I will never forget the first time I saw Dar Williams in concert. She opened for the Indigo Girls at the Mullins Center at UMass way back in the mid-90’s, and they invited her to play one of the encores. Alone on stage with her guitar, she transfixed the approximately 8,000 people in attendance with heartbreaking images of a relationship entering and eventually, tentatively, emerging from a “February” period. The song instantly became one of my all-time favorites, and I bought her CD “Mortal City” the very next day.

So when she came to our school on Friday to play a short concert, it was a dream come true, especially as she chose “February” as her last song of the set.  Even more importantly, though, she agreed to host a Q and A session with interested students afterward. I tipped off one of the middle school band members about the Q and A, and she said “THAT WOULD BE ABSOLUTELY AMAZING!” as she too is a Dar Williams fan, and has already written a number of songs (some of which we are eventually going to be performing). Four of the students in my French II class are in Select Chorus and, predictably, they too wanted to attend.

The questions – “How do you know if a song is good?” “How do you get from scribbling songs on index cards with broken pencils to knowing you’ve made it, to having a recording contract?” “Have you ever written anything so personal you’d never share it with anyone?” “Did you always know you were going to be a musician?” – both showed where the kids were coming from and inspired thoughtful answers. Ms. Williams’s thoughts on the last question not only brought me this blog title, but also took me back to the 90’s…to the early days of the school’s student rock band.

Lisa Bastarache, who is quoted above, was a founding member, alternating in the earliest concerts between playing guitar and singing because she wasn’t quite ready yet to do both at once. By fall of her senior year, though, she was commanding the stage, from the sass and in-your-face attitude of “not a pretty girl” by Ani DiFranco (“I am not a pretty girl. That is not what I… do. I ain’t no damsel in distress, and I don’t need to be rescued. So put me down, punk…”) to the clear, sweet longing of R.E.M.’s “Fall on Me” that contrasted with the growl of her black Strat as it intertwined with the harmony vocal of our drummer, Leah Freeman and the flute countermelody of Cassie Bohnett while Becca Engle anchored us on bass. The song still rests on my iPod, and when it comes up I generally drop what I’m doing to listen to it.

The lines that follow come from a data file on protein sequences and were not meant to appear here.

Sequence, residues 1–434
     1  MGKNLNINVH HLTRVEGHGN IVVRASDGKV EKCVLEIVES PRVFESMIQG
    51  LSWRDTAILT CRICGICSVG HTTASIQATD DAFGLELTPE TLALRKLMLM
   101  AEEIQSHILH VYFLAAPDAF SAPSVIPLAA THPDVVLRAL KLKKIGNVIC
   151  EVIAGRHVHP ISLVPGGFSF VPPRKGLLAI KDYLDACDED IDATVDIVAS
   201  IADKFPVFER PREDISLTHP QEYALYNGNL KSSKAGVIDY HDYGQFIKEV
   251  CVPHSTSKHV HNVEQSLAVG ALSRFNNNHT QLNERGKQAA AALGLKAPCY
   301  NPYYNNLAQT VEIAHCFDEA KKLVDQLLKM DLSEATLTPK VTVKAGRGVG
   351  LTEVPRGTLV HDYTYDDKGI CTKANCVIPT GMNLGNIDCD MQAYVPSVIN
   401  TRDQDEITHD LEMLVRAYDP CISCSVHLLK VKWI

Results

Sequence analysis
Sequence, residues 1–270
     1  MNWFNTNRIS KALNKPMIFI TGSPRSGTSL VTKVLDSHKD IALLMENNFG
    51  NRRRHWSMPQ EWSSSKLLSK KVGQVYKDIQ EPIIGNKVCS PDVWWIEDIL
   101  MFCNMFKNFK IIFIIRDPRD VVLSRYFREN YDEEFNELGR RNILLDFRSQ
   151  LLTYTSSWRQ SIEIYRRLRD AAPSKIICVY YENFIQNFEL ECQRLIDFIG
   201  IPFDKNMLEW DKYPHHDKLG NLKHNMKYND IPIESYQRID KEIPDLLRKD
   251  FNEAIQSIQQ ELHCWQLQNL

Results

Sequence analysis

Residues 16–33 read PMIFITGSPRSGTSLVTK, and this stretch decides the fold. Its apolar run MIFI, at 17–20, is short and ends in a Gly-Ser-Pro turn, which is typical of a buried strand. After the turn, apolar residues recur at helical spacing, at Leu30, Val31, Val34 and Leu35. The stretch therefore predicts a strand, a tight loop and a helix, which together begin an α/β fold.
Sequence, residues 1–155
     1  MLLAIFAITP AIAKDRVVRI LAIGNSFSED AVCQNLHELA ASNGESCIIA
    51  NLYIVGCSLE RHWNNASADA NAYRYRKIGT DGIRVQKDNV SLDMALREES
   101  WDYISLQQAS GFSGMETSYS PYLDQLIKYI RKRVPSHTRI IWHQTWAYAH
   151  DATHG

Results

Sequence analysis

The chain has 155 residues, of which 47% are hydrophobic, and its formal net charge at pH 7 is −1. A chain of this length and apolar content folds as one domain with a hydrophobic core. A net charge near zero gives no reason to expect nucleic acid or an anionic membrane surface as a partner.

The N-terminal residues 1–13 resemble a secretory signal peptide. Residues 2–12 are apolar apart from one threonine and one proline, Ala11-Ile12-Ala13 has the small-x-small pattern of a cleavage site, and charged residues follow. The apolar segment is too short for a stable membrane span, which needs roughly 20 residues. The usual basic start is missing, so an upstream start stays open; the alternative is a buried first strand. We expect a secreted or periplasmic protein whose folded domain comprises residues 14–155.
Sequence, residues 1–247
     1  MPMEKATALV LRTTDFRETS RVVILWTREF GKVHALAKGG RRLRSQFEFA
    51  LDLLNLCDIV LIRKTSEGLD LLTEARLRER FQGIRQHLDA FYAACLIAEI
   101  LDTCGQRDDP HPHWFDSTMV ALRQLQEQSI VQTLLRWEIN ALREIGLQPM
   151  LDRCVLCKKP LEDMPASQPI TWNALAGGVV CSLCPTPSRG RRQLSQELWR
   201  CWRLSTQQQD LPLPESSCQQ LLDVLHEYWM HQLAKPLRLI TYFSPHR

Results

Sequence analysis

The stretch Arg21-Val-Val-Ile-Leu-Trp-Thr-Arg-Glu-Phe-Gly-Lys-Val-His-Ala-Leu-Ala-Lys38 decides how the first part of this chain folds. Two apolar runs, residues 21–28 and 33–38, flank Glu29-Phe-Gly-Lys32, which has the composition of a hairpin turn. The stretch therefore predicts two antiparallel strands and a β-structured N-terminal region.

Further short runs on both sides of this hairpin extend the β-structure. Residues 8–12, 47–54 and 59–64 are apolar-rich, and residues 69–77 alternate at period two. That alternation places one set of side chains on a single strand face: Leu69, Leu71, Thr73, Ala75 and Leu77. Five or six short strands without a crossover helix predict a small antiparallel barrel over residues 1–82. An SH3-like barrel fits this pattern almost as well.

Under the watchful eye of Frog, Becca’s stuffed sheep that she willed to the group in Vespers, a generation (in middle school terms!) of bands have now taken the stage, and we’ve played witness to that mysterious alchemy time and time again. Kate Keiser’s gorgeous interpretation of “Hands” one winter, as her Christmas gift of an autographed picture of Jewel from our bassist Nicole Brennan graced the stage. Cass Panuska’s unforgettable “Zombie.” Mary Dooley’s recording of “Walking in Memphis” which was so dead-on perfect I’ve never seen a version that matches it  (though I’ll grant you this version by Marc Cohn himself is pretty awesome). Julie Stevenson’s rendition of “Don’t Know Why” that made me cry at least once each rehearsal. Michaela Sandhoff’s wistful “How’s It Going To Be?” And so many more. Cass and Mary, for sure, continue to work in, and with music, but most of the others have gone in other directions. No matter. Traces of their legacy remain forever in our music program. And similarly, each of them can draw forever on their experience in the magical world of Musician.

P.S. In one of those intriguing coincidences, “Closer to Fine” by Indigo Girls just came on the radio here at Shelburne Falls Coffee Roasters – a song from that evening at the Mullins Center, and one which alumnae from the 90’s may remember from many Farewells to Seniors: “I spent four years prostrate to the higher mind, got my paper and I was FREE!”

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Filed under Alumnae, On Education, Performing Arts, School Happenings, Stoneleigh-Burnham Middle School, The Faculty Perspective, Uniquely Stoneleigh-Burnham School

Listening through the Wall: Middle School Select Chorus Auditions and the Spirit of Our School